Since the early 1970s women in the Sultanate have been given their rights in the constitution. Nearly half a century later, women can be seen at top levels of government positions and businesses. The Sultanate’s aim to include women at all levels of governance began since 2005, when Oman appointed a woman as the Arab ambassador to the United States. There is no doubt that there is still much more that needs to be done to integrate women into the political and economic fields, however, as these women from the State Council will convey, the Sultanate is already on the right path.
This article will showcase three female members of the State Council, it will demonstrate their current contribution to the Sultanate and their goals, in addition to their views on the current condition of Omani women.
Dr Aisha Al Wishahi is a member of the Social Committee of the Council. Her work includes studying and reviewing legislations related to many aspects that affect society.
Omani women work in good economic conditions, where men are on par in terms of work, production, and investment opportunities. Omani women are also able to carry out political work through roles such as membership in the Council of Ministers and the Council of Oman. This unique condition is accompanied by the development of women’s social status. A woman’s role as an educated and working woman has assumed significance at all levels.
She aspires to increase the presence of Omani women in the Shura Council and the Council of Oman in general. “This will positively support women’s issues and highlight their status. It will also reflect the reality of women in Oman, as they represent a large part of the educated and qualified members of society, capable of playing a productive role,” she said.
“Through my presence in the Council, I hope to present my work experience and scientific qualifications to serve the Omani society. I also hope to support the means and activities that develop the role of the State Council and highlight its impact on society,” she added.
Omani women have achieved many of their ambitions, but they must continue to respond to the issues and challenges facing them to ensure that women’s experience is reflected in all aspects of society.
Muna Al Saadoon is a member of the social committee that allowed her to participate in the study of various topics that have both direct and indirect effects on an individual’s health and welfare of the society. For example, health promotion programmes, and better approach to the prevention and management of chronic diseases. Accidental injuries among children and prevention programmes aiming to reduce their adverse effects.
Omani women have been given special attention by His Majesty Sultan Qaboos, since the Renaissance. The provisions for educational opportunities and healthcare for women at all stages of life contributed to empowering women to acquire skills and knowledge and contributing to the building of this benevolent homeland.
At the same time, governmental and social support for women helped them overcome obstacles, which enabled them to work in all sectors and at various levels, while enjoying all their civil rights.
“I hope that the concerned authorities will discuss certain social problems that could hinder women’s progress and introduce administrative and legal amendments to limit the negative effects that such problems have on abilities of women to maximise their employment achievements,” she added.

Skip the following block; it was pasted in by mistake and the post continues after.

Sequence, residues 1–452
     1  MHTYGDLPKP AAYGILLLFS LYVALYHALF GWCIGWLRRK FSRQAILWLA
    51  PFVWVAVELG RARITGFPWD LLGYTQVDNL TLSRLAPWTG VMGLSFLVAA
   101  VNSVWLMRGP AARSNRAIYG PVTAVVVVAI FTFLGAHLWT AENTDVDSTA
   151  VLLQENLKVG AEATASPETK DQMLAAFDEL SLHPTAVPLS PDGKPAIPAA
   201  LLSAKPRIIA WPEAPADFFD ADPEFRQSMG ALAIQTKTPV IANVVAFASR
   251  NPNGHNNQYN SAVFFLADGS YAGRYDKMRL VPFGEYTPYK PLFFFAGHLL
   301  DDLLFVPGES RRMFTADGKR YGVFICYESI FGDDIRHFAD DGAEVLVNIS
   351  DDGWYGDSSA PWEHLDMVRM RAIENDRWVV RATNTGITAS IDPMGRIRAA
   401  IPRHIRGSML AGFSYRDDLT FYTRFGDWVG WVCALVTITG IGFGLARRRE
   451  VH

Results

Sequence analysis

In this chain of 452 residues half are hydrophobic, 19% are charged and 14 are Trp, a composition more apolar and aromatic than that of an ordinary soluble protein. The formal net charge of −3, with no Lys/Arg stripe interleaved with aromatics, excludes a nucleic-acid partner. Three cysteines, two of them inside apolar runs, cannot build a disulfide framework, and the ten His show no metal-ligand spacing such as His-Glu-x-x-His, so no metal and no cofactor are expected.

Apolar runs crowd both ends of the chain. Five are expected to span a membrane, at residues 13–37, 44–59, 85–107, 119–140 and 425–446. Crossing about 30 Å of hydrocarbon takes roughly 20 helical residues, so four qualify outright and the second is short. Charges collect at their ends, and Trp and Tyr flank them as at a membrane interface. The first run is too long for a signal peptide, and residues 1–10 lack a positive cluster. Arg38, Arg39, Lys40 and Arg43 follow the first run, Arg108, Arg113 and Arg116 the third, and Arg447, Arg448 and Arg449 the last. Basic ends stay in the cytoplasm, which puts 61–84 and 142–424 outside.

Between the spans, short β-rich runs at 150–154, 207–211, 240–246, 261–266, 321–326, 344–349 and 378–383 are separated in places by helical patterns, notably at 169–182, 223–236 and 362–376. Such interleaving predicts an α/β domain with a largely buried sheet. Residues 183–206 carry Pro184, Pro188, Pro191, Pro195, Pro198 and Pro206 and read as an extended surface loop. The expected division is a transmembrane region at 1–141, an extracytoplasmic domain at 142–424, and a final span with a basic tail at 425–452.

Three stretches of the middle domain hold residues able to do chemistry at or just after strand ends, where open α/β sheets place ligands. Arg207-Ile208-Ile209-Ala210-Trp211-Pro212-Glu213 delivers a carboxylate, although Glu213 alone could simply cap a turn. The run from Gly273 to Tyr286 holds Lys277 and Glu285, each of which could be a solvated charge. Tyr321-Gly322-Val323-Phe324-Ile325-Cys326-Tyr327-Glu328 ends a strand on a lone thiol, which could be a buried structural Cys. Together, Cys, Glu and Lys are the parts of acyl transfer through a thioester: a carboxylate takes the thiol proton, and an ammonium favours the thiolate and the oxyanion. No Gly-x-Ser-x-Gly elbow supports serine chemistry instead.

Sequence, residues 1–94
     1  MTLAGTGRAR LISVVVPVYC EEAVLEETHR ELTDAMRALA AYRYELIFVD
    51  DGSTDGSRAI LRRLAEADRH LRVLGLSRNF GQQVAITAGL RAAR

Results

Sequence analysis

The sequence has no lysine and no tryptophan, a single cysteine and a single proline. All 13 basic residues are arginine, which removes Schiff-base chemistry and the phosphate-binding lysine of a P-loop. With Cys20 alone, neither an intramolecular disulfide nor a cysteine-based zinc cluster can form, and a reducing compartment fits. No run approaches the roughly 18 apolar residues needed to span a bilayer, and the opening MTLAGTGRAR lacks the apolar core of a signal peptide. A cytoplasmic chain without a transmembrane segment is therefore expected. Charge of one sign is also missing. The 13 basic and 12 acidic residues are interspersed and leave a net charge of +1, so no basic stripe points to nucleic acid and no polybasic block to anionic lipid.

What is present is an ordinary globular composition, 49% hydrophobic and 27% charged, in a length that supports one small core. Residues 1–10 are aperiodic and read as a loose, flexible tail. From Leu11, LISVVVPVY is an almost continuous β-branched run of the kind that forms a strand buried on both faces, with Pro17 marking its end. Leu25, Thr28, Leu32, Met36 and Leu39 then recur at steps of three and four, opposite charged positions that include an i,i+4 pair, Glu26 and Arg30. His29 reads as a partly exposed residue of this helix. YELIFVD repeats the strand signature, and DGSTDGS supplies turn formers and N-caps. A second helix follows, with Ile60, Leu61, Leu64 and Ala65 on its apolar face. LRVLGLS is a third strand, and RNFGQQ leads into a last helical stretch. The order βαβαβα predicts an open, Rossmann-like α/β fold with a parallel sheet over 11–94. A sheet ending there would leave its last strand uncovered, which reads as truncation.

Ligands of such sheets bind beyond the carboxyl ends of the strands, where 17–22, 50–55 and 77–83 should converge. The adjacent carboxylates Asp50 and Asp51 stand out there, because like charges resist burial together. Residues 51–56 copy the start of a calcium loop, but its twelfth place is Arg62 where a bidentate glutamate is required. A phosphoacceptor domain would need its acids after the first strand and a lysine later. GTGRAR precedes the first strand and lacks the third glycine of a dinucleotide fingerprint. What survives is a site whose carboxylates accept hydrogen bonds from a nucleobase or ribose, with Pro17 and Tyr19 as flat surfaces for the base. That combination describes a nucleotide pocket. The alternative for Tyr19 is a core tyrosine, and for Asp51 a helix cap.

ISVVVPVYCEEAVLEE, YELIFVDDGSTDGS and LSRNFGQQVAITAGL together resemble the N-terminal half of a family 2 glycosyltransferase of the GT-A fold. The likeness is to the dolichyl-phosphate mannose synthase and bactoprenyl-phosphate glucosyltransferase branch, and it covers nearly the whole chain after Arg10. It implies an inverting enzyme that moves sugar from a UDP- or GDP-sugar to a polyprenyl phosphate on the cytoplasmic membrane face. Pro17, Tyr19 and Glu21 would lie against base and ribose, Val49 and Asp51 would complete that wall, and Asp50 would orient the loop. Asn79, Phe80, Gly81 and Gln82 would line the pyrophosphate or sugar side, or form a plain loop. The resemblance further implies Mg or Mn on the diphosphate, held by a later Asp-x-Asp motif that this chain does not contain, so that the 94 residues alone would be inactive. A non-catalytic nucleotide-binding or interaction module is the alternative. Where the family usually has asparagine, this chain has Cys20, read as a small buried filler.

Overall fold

Being a paediatric doctor, she cares a lot about children’s rights and their protection from all forms of abuse. “During my time at the council, I aim to shed light on the needs of children. Hopefully it will be possible to identify and bridge any gaps in the social, legal, health, and educational services provided to them, with the aim of creating a safer and even more stable environment for the child in the Sultanate,” she added.
Naashiah Al Kharousi is the first Omani woman to have been awarded a Telecommunications Engineering Degree in June 1971.
According to the state’s statutes, Omani women have equal rights and public duties as men. There is no distinction between the two. The rest of the specific rights are compatible with our Islamic law, for example in matters related to marriage, custody and legacy. “We were given our rights even before many women in the West were given theirs. I have been a member of three permanent committees for four years, including economic, social, and legal committees. I have focused on these areas as it allowed me to use my previous experience,” she said.
“We have made proposals regarding the activation of Omani women’s associations, as well as increased the social, health, and cultural awareness, in order to raise women’s administrative and financial capabilities, and legal awareness of their rights. The lack of knowledge about rights might hinder the effective participation of women in sustainable economic and social development or may impede the realisation of their aspirations in general, whether in the field of professional work or family and social relations,” she added.
Talking about the changing role of women she said that some women may have the feeling that they have not had a particular opportunity to take on leadership roles or that there is a negative bias towards women in the work environment. The men, especially in the field of work, must understand that the participation of women is necessary. The ideas of women complement the ideas of men.
“If we aim to achieve development, men must understand and respect the ideas of women. Achieving sustainable goals while excluding women from decision making is unlikely. It is also important for women to understand that we must work in cooperation with men to achieve development,” she added.